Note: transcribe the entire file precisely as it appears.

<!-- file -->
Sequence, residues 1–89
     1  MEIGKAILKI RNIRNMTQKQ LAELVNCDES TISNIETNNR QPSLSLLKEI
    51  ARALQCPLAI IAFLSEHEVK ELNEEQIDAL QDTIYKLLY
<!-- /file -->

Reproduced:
Sequence, residues 1–89
     1  MEIGKAILKI RNIRNMTQKQ LAELVNCDES TISNIETNNR QPSLSLLKEI
    51  ARALQCPLAI IAFLSEHEVK ELNEEQIDAL QDTIYKLLY